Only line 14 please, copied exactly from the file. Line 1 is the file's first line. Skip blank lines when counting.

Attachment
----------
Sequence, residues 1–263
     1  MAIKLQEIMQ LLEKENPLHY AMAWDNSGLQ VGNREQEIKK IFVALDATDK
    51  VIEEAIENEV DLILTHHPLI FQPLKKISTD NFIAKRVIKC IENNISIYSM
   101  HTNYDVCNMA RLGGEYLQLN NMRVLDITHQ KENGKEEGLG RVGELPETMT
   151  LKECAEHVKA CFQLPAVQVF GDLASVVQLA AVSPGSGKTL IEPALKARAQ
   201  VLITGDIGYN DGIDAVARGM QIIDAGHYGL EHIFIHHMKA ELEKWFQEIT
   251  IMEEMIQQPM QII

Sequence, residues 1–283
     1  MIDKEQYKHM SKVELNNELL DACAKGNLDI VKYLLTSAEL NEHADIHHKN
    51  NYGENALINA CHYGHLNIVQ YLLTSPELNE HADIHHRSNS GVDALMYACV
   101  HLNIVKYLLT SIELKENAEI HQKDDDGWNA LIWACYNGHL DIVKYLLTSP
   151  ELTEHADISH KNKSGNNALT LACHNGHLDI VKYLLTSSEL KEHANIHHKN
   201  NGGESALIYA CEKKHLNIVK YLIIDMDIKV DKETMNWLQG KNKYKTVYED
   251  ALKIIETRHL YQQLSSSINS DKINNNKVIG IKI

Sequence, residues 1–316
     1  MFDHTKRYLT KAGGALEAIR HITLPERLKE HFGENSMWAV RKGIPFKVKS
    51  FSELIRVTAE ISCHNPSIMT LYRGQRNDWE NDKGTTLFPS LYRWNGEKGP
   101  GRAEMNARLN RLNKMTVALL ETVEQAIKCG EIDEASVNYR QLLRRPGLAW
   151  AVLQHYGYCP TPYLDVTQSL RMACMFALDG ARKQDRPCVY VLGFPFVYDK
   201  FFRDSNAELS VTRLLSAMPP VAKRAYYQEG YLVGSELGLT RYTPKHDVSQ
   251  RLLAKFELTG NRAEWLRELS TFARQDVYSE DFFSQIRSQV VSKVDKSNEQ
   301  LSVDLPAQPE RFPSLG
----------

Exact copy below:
   251  ALKIIETRHL YQQLSSSINS DKINNNKVIG IKI